by Jeff Powell
Clearly NGOs around the world are too diverse to allow meaningful generalizations of their reactions to the evolving crisis. Some have seized the opportunity, embracing new ideas and reaching out to different actors and constituencies. Others are grafting new issues on to an old agenda: add crisis and stir. Still others are finding their agenda drowned out, at the same time as direct debits get cancelled and stock-market dependent foundations pull up the funding drawbridges.
Here in the UK, development and environment NGOs have come together with the Trades Union Congress in an unprecedented coalition (which, in the name of transparency it should be stated that the author is a part of), initiated by the Bretton Woods Project. The Put People First coalition (PPF) has come together around a short manifesto highlighting jobs, social justice and the environment. The focus for the time being is on the G20 meetings in London in April and then in St. Andrews in November. It's too early to say whether the coalition will be longer-lasting, and if it will be able to get beyond the 'lowest common denominator' politics which held back the Make Poverty History campaign in 2005.
On finance, PPF has joined the general chorus for increased transparency and accountability, without yet articulating a clear vision of what this means. More developed are its ideas on eliminating tax havens, drawing on the groundwork done by the Tax Justice Network. The investigation that TJN inspired in The Guardian has shamed the Labour government into its first tentative (and long-overdue) steps on tax havens, particularly those in the City of London or UK protectorates. Gordon Brown has announced plans to discuss multilateral exchange of information on offshore accounts at the G20 meeting. The PPF coalition is trying to use the crisis as an opportunity to broaden the reform agenda to include a re-invigoration of public services and a shift of economic priorities towards environmental sustainability. Managing the need to focus on shorter-term policy developments with these longer-term objectives will not be easy.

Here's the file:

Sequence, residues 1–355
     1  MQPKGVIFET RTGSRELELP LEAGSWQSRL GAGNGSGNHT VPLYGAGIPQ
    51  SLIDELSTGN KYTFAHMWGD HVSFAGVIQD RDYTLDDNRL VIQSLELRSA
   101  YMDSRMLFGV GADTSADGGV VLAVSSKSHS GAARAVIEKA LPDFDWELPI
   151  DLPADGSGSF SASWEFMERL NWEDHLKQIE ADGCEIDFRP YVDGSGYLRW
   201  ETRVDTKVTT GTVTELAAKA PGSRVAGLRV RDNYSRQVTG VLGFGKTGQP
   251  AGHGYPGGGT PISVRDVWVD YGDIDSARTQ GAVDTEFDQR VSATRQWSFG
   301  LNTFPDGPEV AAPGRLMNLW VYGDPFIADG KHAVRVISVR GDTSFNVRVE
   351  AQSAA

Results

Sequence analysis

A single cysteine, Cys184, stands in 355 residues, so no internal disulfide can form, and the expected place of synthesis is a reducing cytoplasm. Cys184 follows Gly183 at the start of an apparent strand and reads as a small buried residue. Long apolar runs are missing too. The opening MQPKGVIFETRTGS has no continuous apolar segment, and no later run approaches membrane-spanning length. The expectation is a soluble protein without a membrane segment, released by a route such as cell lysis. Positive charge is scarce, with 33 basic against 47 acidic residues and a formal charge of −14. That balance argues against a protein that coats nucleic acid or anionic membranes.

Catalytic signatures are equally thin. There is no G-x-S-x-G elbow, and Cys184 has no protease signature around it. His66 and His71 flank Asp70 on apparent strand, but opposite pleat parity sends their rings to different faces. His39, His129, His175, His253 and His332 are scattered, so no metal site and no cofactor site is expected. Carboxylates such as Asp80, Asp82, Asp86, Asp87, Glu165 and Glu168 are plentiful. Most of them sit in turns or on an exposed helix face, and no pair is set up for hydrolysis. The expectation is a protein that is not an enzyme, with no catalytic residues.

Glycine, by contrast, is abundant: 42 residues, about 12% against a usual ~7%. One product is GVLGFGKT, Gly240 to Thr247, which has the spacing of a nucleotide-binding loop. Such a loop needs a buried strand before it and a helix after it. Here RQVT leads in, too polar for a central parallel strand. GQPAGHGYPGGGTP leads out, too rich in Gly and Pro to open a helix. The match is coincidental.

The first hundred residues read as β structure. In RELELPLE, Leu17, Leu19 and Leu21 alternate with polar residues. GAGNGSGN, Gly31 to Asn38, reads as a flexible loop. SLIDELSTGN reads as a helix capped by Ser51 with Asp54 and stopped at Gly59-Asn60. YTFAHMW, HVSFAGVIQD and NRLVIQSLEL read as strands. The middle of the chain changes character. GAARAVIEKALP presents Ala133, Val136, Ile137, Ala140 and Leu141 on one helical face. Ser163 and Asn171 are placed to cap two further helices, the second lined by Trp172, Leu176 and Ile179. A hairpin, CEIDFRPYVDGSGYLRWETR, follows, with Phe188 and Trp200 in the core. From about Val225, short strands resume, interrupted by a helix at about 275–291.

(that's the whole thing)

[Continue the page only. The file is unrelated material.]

Similar networks and coalitions have formed across Europe. Brussels-based groups Eurodad (the European network of NGOs working on debt, development and poverty reduction) and CONCORD (the European Confederation of Relief and Development NGOs) have started to work with some European trade unions at National and Supra-national level. Like the UK's PPF, Eurodad has a developed campaign on capital flight issues. Groups in these networks with a history of advocacy on financial issues include Germany's World Ecology Economy and Development (WEED), the Dutch group SOMO and of course the ATTAC network which, with others, has been working for over a decade on issues of regulating and democratising finance.
At the international level, the key cue for NGO policy positions comes from agreed positions at the World Social Forum in Brazil, earlier this year. The WSF attempts to bridge the (sometimes elusive) divide between NGOs, trade unions and social movements. While it is short on details, and the process of getting from A to B is absent, the principles of the WSF statement ('Put finance in its place') are radical and clear. They include a call to “implement a global mechanism of state and citizen control of banks and financial institutions” and the creation of “regional reserve currencies”. Taking up the issues of financial sector reform is Re-thinking finance, a new coalition which brings together the Bretton Woods Project, Eurodad, Amsterdam-based Transnational Institute, the Asian network Focus on the Global South, and Latin American network Choike.
In the coming months the ability of all of these NGOs to sharpen and deepen their analysis of financial sector issues, and their capacity to communicate these ideas to a wider audience and build broad-based movements for fundamental change is critical if the crisis is to be transformed into opportunity.